B.C. first in Canada to declare public health emergency after fentanyl overdoses
VICTORIA — British Columbia has become the first province in Canada to declare a public health emergency after a dramatic increase in the number of overdose deaths from illicit drugs such as fentanyl.
Medical health officer Dr. Perry Kendall said 201 overdose deaths were recorded in the first three months of 2016 and that 64 of them involved fentanyl. Fentanyl is an opioid-based pain killer roughly 100 times stronger than morphine.
"At this rate, the total for 2016 could exceed 700 or even 800 (deaths)," he said Thursday, adding the numbers are increasing despite outreach initiatives, awareness campaigns and the rapid distribution of the drug naloxone, which reverses opioid overdoses.
Fatal overdoses have steadily increased in B.C. since 2010, when 211 people died, reaching 474 deaths in 2015, Kendall said, adding fentanyl was associated with a third of the deaths.
"The numbers are unusual and unexpected, which is a criteria for declaring an emergency under the Public Health Act," he said.
Health Minister Terry Lake said the declaration will allow health officers to collect real-time information to help them identify patterns and quickly respond with prevention programs by targeting certain areas and groups of people instead of waiting for data from the coroner's office.
"We have to do everything we can to stop this toll," he said. "This is a public health crisis and it's taking its toll on families and communities across our province.
Recreational drug users may cut or manipulate a fentanyl patch or smoke a gel form of the drug.
The provincial government said overdoses are only reported now if someone dies, and there is some delay in the information being received from the coroner's office.
Under the state of emergency, information on the circumstances of any overdose where emergency personnel and health-care workers respond will be reported as quickly as possible to medical health officers at regional health authorities. That information will include the location of an overdose, the drugs used, how they were taken, and the age and sex of the person who has overdosed.
Kendall said the province is increasing access to opiate substitution programs by making suboxone available, for example, in an effort to deal with overdose deaths.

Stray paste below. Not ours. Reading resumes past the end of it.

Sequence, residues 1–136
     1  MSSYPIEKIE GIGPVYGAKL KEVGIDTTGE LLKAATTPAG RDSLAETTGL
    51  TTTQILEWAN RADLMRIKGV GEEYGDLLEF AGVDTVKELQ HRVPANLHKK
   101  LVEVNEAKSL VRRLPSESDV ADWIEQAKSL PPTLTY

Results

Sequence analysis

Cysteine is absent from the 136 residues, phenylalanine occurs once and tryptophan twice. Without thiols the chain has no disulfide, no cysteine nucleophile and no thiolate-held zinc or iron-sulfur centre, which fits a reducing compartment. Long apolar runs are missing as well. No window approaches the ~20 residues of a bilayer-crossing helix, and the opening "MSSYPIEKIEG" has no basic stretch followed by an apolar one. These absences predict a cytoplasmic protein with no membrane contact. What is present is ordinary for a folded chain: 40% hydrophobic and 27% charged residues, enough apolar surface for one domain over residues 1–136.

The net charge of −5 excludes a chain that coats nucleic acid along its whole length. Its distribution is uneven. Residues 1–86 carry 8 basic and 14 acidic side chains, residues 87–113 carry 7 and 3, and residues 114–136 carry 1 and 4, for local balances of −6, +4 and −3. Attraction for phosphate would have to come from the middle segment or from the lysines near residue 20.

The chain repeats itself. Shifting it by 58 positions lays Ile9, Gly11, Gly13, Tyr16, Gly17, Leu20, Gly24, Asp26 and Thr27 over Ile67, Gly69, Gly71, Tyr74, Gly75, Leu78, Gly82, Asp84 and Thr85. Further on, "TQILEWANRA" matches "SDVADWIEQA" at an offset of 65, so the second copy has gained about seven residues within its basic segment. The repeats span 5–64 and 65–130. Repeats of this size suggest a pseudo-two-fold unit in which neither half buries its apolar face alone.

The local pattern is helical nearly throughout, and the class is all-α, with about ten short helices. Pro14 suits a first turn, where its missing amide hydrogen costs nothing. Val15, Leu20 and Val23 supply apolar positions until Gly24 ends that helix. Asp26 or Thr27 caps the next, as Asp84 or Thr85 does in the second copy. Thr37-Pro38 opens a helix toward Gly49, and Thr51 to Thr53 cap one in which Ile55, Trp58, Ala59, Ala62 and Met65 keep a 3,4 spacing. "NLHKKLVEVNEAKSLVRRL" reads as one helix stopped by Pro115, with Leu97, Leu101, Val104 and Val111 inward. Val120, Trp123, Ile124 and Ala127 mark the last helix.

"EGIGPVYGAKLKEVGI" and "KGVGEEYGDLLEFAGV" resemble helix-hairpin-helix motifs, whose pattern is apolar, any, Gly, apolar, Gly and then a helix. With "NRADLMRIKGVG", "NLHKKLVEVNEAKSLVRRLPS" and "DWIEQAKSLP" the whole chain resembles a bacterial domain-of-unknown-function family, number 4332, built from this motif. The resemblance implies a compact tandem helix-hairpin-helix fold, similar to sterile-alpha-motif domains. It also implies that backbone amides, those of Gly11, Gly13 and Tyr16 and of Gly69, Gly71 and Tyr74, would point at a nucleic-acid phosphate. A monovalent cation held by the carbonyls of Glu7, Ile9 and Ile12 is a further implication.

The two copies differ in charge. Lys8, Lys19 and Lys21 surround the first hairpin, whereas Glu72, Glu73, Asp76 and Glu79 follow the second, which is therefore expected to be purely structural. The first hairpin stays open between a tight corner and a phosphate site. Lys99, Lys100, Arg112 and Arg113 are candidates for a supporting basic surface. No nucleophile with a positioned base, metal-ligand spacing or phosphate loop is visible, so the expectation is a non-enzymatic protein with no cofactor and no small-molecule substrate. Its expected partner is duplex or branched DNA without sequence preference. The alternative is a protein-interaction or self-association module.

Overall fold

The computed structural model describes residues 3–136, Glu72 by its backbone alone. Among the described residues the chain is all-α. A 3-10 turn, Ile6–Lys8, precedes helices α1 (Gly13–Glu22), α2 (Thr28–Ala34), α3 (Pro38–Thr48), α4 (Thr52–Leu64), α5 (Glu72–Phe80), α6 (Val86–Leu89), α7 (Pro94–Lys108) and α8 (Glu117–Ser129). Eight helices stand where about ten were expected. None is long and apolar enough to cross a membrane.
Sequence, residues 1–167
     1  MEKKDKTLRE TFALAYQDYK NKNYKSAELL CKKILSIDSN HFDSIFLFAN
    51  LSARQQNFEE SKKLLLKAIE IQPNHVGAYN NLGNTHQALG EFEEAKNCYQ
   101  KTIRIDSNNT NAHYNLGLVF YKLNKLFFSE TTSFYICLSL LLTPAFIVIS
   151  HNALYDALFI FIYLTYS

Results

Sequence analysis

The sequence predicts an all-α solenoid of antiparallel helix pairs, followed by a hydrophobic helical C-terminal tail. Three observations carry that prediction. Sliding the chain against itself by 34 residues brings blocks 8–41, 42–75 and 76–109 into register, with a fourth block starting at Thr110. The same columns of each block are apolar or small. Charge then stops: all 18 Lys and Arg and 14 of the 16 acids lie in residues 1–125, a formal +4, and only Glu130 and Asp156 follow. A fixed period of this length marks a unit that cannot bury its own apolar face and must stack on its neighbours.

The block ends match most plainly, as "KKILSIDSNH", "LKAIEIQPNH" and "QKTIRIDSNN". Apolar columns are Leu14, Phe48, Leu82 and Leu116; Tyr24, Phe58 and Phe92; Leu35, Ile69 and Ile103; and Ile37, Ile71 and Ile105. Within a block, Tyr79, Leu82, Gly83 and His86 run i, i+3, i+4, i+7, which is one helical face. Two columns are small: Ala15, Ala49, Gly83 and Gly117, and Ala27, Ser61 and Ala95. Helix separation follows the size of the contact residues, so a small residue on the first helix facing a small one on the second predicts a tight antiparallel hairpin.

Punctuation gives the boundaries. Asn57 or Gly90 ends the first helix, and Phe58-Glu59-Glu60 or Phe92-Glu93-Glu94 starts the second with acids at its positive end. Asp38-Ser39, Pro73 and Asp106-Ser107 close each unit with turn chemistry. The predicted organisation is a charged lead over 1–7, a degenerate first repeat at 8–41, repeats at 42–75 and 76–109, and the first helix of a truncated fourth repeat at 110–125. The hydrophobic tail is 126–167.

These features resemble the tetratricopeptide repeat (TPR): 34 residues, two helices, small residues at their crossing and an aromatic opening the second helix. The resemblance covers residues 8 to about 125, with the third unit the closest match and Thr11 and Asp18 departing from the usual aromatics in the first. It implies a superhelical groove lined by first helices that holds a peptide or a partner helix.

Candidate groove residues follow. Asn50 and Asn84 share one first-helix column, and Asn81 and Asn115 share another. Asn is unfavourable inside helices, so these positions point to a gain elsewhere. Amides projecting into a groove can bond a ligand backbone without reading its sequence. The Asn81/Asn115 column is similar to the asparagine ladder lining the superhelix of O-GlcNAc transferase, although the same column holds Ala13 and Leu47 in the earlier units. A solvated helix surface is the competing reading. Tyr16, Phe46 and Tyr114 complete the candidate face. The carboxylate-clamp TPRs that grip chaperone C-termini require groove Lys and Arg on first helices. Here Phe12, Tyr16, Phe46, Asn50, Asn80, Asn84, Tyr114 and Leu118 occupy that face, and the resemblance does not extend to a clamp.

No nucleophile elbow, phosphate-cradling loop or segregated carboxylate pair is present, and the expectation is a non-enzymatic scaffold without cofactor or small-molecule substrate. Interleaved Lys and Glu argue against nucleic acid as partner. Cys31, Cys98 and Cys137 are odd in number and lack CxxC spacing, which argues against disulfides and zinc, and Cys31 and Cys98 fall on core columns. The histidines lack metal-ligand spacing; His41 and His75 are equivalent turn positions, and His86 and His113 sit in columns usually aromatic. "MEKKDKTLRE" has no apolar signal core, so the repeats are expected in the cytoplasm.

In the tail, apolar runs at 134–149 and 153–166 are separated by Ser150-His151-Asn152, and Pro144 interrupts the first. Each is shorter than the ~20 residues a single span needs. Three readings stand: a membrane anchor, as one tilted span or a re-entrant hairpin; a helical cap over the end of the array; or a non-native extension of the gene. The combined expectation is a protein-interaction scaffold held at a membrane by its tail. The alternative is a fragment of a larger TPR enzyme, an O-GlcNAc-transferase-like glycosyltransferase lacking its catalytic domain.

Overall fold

A recent British Columbia study suggests a pain medication called hydromorphone could be used to treat heroin addicts who sometimes unwittingly end up with fentanyl in their drug of choice.
The Canadian Centre on Substance Abuse says that between 2009 and 2014, the latest numbers available, toxicology tests from fatal overdoses showed fentanyl was present in 1,019 deaths in Canada, with more than half of them occurring in the latter two years.
Alberta, Saskatchewan, Manitoba, Ontario, Quebec and Nova Scotia have also begun distributing naloxone kits to individuals and first responders to reverse opioid overdoses, said Dr. Matthew Young, a substance abuse epidemiologist at the Ottawa-based centre.
Fentanyl can be deadly because people often don't know it's been cut into drugs such as fake oxycodone, heroin or other pills and powders, he said.
"When it's mixed into these tablets it's highly variable from one to the next. So an individual who uses a pill they bought off the street that contains fentanyl may crush up a tablet, inject it and be fine but with the next one they do they may overdose."
Young said fentanyl is cheap to manufacture and is often brought into Canada and the United States from China, while Mexico is also a source of the drug in the U.S.
An increase in prescription pain killers such as oxycodone in the mid-2000s to about 2010 is believed to have created more dependence before a public health crisis led to initiatives to reduce such prescriptions, Young said.